Introducing the 2016 Berrigan Wines Merlot from the exciting and newly matured wine regions of Robe and Mount Benson in South Australia.
This 2016 Merlot is a great example of Merlot when it’s bright and fresh, and we made this wine to show you how beautiful this grape variety can be when it’s grown in a cool climate (and carefully made to be released early). Not every red wine shows better with age, and often the subtle nuances found in Merlot can be lost with maturation, so we highly recommend enjoying this wine upon release every year.
“The 2016 vintage gave us Merlot of deep colour with delicate tannins and beautiful floral and red fruit flavours, due to the long and cool, yet sunny ripening season. This particular Merlot is made from fruit sourced from both Robe and Mt Benson, both of which share similar climates, soils and locations, however the differences in fruit flavours were enough that I chose to present this wine as a blend of the two.”
“As a winemaker making red wines, time is your friend. Time softens red wine with little effort, and brings the mouth-feel into balance with it’s flavours, however because I wanted to release this wine so early, it needed a lot more concentration and blend trial work from myself to bring the beautiful young flavours, tannins and acidity into balance.” Dan Berrigan
Did you know that since the movie Sideways was released, the popularity of Merlot has plummeted both in the US and in Australia, yet the popularity (and price) of First Growth Bordeaux red wines (which contain varying proportions of Merlot) have sky rocketed?
Was the movie communicating what we all think, we’re not sure it was. Perhaps Merlot has lost popularity because it has been made the same way as Shiraz and Cabernet Sauvignon?
“As I Winemaker, I often feel the wines I produce are like my children. Merlot from Mt Benson and Robe would (for comparison) have a natural talent for ballet and music, so I’m not going to sign it up to play rugby or woodwork. It’s about encouraging the natural strengths of each grape variety and gently guiding the wine from the vineyard to the bottle so these natural strengths and characteristics of the grape variety are visible for you to see in the finished wine.”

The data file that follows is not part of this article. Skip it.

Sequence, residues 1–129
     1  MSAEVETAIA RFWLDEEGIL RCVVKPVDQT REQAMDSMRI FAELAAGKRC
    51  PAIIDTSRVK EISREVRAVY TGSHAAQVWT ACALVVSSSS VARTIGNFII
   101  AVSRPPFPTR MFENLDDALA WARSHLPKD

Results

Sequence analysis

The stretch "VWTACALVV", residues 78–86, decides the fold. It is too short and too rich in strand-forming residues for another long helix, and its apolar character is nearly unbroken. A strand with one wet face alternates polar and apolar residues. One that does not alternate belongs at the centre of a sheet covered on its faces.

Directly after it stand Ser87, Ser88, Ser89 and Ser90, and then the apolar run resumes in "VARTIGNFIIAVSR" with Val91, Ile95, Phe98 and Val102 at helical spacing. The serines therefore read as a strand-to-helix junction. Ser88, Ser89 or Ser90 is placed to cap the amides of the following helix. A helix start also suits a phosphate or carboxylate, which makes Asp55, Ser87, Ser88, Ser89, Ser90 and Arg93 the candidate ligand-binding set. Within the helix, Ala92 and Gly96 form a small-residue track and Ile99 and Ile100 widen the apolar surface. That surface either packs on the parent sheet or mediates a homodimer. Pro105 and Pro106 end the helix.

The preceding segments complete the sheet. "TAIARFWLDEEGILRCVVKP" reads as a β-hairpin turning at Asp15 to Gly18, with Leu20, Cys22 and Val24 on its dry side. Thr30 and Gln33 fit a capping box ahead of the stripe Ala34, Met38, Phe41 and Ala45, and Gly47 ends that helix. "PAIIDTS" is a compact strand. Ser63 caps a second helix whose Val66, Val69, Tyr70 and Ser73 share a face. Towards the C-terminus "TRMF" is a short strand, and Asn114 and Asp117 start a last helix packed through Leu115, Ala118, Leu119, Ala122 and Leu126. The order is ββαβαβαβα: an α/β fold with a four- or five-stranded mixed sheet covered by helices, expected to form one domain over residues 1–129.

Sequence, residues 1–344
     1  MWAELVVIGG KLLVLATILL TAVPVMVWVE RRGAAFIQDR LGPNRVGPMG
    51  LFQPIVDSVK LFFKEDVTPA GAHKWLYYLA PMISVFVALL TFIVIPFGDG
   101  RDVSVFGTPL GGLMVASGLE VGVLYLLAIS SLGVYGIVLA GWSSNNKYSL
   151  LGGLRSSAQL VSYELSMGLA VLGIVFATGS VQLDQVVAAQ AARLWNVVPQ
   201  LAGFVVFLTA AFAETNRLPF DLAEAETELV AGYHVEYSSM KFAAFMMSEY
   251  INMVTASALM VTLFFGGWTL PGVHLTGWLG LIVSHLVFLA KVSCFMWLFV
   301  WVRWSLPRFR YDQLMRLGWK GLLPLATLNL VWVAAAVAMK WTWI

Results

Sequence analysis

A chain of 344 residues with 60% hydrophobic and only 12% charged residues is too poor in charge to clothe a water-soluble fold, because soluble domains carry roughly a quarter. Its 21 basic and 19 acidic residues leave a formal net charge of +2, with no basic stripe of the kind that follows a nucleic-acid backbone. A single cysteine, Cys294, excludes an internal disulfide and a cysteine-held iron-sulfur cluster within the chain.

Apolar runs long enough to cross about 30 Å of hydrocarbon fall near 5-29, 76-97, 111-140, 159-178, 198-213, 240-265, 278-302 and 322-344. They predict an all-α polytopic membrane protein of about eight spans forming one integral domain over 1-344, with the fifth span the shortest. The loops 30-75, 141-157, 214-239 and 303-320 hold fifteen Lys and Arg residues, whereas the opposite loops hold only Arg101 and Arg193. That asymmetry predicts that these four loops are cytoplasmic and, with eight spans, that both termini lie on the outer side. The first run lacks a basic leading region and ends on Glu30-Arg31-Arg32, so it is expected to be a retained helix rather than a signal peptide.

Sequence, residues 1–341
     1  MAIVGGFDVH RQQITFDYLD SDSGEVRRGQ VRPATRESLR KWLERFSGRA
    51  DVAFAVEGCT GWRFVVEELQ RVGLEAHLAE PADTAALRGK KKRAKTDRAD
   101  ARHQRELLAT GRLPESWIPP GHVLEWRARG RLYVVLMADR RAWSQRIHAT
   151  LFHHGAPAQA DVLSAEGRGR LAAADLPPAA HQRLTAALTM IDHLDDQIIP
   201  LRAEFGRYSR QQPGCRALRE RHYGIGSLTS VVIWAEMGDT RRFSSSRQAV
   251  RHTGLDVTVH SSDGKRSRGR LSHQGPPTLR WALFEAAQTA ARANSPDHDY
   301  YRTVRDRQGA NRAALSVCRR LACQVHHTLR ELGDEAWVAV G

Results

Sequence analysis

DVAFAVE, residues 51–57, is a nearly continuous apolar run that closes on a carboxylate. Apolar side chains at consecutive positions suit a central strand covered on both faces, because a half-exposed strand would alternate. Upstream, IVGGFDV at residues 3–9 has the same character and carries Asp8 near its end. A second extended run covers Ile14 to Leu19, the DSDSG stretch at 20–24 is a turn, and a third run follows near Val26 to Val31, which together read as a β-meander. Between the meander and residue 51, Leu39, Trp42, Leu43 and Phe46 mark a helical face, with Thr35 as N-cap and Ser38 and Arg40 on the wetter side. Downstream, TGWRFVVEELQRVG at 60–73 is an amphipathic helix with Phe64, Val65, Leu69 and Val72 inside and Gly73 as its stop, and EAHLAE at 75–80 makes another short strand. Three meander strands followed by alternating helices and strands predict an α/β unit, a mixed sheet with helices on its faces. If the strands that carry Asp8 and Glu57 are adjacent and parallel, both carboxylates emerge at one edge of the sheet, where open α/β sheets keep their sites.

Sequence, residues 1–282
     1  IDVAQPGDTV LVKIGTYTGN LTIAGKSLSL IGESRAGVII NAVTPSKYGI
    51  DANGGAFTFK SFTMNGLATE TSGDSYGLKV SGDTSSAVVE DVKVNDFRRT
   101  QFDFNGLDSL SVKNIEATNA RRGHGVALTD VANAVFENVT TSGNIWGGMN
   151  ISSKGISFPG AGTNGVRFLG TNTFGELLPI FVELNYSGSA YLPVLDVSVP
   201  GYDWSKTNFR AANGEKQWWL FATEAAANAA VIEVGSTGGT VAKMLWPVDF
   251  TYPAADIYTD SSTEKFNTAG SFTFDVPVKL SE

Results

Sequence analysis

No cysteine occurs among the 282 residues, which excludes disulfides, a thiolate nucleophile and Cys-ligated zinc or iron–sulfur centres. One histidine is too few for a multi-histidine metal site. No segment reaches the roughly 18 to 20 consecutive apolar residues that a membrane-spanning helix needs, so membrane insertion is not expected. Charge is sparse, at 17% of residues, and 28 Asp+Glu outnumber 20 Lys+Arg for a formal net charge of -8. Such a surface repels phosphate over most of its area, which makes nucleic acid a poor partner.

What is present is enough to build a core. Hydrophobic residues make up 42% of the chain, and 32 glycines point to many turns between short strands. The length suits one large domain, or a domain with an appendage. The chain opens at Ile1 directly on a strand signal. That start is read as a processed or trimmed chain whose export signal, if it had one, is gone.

“For me this vintage, it entailed picking the fruit when the flavours were at a maximum, not when the tannins or the sugars were. It involved gently de-stemming the fruit without crushing the grapes so that the seed tannins were not released into the wine. A short period of cold skin contact before inoculation was used to extract the delicate and fragile flavours and flavour-precursors from the Merlot skins, followed by a 7 day ferment to capture these flavours while encouraging further development of the wine’s complexity from the ferment. Malo-lactic fermentation was completed alongside primary fermentation (yeast fermentation) for a quicker, cleaner and more efficient finish.”
“After 7 days on skins, the Merlot was gently pressed off, and only the best portions were kept. Malo-lactic fermentation was further encouraged through warming to finish within 2 weeks after pressing so that I could capture the nuances in the wine as soon as possible. Oak was not used for the very same reason as my whites, as I wish to highlight the beauty in this wine and show you how great Merlot can be when young and pure.” Dan Berrigan